It’s been awhile – but I’ve always loved to tinker with systems that could be considered a little unusual – or “geeky”. Eight or ten years ago, installing Debian GNU Linux on my old, spare x86 PC satisfied my hobbyist urges. (I used it as a home Internet gateway, performing network address translation; I was one of the first people I knew with multiple, Internet-connected computers at home.) Recently, the Raspberry Pi computer-on-a-card has cropped up, intriguingly, in a non-IT context: its ability to run XBMC – a home-theatre media system.
The idea of setting up a Pi as a “media box” incubated in my brain for a month or so. Finally, a post I read on a hockey blog I frequent (I’m a big sports fan) convinced me that XBMC on Raspberry Pi is likely a viable means of watching the Montreal Canadiens games I will otherwise miss, due to a change in availability of a lot of those games in my cable TV broadcast region. So I came to a decision – and ordered a Raspberry Pi B+ from Allied Electronics’ online store.
My (somewhat hasty) research led me to believe I had everything I needed, besides the Pi, itself. I own a USB keyboard, a TV with an HDMI port and cable, a couple of different USB power sources and USB-to-micro-USB cables, and a 4 MB SD card.
When the Pi arrived, and I unpacked it, I was struck by two things: first, how truly tiny it is – its footprint is about that of a poker-size playing card – and second, that it (the Model B+) accepts a micro-SD card – not an SD card, as was shown in pictures and video I’d seen of the (original, two-year-old) Model B.
A day – and ten bucks – later, I was ready to set up my media centre system. I had decided, based on reviews and tests – especially those on Anand Subramanian’s excellent blog – to go with the Raspbmc customization of Debian Linux. Preparation of the micro-SD card with a Raspbmc image was much faster than expected; I had read that the writing of the nearly-2 MB image to the card could take “a long time”. I made this part very easy by using Apple Pi-Baker for Mac OS.
I plugged in the Ethernet cable, the keyboard, and the HDMI cable, and turned on the TV, before plugging in the USB power source (thus powering-up the Pi, as it has no On/Off switch). Raspbmc’s auto-update scripts kicked in, automatically updating the OS, itself, and then XBMC. Impressive!
My elation quickly turned to dismay, however, when the system kept rebooting itself, displaying the falsely-reassuring message, “Relax; XBMC will restart shortly,” over and over again. I was afraid this behaviour was power-related; the most stressed variable in the troubleshooting advice on the Raspbmc support forum is power: Connect a steady, sufficient power supply. I had initially used my iPad 4’s power source, rated at 5.2 volts and 2.4 amperes; the Pi requires only 5.0V and will draw a maximum of perhaps 1.5A, depending on connected peripherals – and the advice on various Pi-related sites seemed to be to make sure the Pi is not underpowered. But I was suddenly afraid I had overloaded my Pi and “fried” one of its components. The message I got when I escaped to the Linux shell command line and typed “xbmc” was, “Install an appropriate graphics driver.” Yikes. I tried connecting the Pi to my other power supply – my Samsung smartphone charger – which, by all accounts, is barely sufficient to run the Pi with little or nothing connected; however, the continuous rebooting continued.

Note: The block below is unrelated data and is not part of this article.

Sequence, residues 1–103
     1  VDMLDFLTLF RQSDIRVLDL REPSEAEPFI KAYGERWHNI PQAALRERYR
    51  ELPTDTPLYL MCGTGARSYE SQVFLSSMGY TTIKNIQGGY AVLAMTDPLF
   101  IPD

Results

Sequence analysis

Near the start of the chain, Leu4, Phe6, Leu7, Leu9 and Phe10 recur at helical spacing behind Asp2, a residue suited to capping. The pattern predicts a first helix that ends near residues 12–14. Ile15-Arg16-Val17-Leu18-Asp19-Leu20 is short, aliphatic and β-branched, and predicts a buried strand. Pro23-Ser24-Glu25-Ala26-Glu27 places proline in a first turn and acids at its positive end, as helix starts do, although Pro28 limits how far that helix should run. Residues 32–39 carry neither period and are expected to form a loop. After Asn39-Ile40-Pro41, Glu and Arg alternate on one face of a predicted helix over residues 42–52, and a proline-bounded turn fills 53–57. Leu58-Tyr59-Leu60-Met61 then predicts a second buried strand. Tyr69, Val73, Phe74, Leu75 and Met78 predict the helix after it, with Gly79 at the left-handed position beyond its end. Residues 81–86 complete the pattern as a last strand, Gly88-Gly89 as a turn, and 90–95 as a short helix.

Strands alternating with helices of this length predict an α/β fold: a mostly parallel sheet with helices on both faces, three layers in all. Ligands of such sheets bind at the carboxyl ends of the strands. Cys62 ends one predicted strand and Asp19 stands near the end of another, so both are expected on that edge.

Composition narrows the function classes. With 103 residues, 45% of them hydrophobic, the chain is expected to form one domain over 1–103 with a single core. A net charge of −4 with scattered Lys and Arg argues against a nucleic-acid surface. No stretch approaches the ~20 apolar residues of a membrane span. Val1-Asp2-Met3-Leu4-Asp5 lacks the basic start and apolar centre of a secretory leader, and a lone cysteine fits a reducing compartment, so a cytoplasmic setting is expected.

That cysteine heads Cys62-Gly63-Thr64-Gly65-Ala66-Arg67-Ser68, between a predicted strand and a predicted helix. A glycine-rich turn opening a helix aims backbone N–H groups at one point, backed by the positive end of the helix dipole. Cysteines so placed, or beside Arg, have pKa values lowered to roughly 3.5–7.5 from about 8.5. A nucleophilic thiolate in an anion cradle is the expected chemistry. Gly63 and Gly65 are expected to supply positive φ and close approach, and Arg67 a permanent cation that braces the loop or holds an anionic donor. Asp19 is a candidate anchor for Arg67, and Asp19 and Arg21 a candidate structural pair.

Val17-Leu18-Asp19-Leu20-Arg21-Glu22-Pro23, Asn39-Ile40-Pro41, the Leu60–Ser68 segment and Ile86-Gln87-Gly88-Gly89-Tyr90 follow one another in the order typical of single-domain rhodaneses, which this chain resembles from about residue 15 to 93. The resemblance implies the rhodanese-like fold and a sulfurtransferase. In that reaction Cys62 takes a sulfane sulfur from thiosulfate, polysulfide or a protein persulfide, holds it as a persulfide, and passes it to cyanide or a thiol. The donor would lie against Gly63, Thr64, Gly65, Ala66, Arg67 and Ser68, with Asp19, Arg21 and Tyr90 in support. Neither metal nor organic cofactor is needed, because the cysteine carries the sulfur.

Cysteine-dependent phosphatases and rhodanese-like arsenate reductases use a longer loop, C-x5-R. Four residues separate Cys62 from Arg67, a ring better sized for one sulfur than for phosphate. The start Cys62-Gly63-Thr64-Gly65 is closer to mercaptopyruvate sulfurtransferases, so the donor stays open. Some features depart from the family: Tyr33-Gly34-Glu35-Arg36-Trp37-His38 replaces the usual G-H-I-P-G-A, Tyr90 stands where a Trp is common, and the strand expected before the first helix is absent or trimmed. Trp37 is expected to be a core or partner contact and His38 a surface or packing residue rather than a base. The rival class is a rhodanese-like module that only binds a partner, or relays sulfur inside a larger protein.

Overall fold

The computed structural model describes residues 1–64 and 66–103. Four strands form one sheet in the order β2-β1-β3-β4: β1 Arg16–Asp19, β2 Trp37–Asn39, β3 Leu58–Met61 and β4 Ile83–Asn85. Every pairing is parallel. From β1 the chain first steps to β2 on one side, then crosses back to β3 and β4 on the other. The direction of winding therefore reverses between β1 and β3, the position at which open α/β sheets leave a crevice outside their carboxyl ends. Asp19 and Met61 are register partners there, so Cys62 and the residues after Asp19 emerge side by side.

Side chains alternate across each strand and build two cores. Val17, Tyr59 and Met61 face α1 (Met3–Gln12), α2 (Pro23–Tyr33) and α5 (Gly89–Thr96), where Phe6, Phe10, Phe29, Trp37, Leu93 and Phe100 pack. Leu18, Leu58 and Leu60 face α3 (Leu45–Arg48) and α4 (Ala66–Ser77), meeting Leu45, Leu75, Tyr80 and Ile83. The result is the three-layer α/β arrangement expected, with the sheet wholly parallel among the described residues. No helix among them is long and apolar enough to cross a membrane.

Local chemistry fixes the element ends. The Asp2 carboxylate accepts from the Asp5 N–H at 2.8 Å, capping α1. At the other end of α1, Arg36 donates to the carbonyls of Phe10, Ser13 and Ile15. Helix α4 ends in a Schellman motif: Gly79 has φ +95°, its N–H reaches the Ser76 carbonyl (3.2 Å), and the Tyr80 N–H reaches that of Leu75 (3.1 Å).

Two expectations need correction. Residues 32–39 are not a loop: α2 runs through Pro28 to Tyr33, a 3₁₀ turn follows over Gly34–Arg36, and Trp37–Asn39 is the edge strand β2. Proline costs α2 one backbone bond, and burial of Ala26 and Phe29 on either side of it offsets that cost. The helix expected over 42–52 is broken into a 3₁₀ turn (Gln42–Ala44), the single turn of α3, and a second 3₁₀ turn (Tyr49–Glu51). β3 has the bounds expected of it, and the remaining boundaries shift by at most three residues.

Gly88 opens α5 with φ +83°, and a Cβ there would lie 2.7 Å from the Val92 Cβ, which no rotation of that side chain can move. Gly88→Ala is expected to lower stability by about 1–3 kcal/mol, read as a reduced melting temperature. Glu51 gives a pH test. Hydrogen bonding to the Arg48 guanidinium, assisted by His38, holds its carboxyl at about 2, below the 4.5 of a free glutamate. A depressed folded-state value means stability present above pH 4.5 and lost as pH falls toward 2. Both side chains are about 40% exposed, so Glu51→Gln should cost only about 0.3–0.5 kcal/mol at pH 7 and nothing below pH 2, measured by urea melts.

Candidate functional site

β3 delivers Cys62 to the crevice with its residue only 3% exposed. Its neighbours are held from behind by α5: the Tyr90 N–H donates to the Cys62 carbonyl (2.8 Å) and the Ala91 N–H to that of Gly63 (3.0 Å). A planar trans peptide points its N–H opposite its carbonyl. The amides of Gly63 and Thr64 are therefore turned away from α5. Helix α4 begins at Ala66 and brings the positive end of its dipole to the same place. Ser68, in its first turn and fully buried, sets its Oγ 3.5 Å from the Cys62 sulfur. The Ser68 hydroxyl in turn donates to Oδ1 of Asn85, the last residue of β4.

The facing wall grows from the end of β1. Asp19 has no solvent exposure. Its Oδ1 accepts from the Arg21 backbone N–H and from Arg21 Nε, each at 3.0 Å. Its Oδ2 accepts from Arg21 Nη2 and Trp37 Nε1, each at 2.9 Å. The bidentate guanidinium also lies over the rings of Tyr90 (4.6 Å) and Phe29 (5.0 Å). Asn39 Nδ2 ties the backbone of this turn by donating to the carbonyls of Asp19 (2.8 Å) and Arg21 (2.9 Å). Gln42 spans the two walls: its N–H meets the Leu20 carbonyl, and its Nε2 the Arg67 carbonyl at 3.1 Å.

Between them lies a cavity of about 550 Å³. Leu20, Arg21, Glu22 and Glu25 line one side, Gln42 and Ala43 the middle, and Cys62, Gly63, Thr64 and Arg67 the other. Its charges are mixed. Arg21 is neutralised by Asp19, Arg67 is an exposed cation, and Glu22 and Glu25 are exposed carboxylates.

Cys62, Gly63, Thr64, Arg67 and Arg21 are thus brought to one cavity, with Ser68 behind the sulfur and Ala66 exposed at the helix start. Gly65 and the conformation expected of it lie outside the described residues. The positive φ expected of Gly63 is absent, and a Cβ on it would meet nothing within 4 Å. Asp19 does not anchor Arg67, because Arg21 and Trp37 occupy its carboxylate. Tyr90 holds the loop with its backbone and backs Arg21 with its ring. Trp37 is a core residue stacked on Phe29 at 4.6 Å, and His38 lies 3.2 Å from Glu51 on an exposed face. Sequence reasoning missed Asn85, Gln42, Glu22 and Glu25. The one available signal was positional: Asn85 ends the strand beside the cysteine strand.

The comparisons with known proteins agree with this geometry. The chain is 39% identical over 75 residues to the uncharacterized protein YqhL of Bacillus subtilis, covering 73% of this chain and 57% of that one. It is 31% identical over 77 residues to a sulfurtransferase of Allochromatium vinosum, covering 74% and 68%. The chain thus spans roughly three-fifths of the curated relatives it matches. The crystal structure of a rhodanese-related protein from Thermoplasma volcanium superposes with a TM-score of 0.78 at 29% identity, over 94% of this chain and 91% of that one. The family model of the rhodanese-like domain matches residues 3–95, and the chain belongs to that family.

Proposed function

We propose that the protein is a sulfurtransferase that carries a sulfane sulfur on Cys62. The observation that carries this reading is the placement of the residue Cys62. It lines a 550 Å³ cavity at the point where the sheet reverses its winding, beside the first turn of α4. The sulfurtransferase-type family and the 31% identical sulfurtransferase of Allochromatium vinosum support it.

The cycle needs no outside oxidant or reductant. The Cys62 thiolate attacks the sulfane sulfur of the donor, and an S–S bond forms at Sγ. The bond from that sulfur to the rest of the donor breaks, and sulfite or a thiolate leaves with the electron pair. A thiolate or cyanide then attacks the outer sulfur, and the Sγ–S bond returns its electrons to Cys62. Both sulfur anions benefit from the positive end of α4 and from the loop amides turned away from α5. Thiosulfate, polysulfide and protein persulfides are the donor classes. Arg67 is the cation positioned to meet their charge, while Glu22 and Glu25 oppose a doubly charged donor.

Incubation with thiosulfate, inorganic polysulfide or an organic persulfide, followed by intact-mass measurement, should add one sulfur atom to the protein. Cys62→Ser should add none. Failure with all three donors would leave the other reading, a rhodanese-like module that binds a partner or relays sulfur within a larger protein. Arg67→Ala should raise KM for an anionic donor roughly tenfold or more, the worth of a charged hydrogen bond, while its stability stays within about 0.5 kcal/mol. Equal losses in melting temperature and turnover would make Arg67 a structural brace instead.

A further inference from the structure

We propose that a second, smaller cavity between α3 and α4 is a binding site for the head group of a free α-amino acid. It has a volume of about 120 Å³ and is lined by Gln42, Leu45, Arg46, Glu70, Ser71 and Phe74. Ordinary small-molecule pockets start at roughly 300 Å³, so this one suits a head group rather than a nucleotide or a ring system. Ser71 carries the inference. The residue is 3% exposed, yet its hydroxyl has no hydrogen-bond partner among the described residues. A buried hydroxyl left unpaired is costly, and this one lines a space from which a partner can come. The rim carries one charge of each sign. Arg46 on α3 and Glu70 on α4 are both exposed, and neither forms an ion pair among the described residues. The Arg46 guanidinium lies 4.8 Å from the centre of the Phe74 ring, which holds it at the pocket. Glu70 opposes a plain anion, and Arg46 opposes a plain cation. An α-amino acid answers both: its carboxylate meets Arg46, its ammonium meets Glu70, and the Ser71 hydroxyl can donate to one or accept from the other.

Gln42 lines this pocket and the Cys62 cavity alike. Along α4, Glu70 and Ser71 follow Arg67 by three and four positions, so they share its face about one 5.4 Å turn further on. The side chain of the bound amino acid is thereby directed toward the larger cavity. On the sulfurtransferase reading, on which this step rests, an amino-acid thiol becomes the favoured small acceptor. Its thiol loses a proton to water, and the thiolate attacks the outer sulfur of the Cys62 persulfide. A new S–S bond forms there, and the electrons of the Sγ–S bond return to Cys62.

After poking around for while on the forums, reading about others’ experiences with the Raspbmc “relax loop” (heh!), I came upon a post mentioning a “corrupted SD image”. I decided to reinstall – and to use an alternate method: the “Network Installer” image, which Raspbmc.com cites as “recommended”. (My first go-round used the Raspbmc full distribution image download link on RaspberryPi.org.)
Success! Once more, impressive, automatic download-and-install scripts kicked in, the moment the Pi booted up. And this time, the automation came to an end – with the glorious, 1080p graphical user interface of XBMC version 13.2 (Gotham). (By the way, I am no longer worried about using my iPad power supply with the Pi; it has been operating beautifully, giving no sign of overheating.)
XBMC is a sophisticated platform that will require some exploring; perhaps, once I have it somewhat under my belt, I’ll write more about it, here. For now, let me conclude by saying that the Raspberry Pi is a boon to learners, tinkerers, and makers, everywhere! I know I’ll do a lot more with it than watch hockey.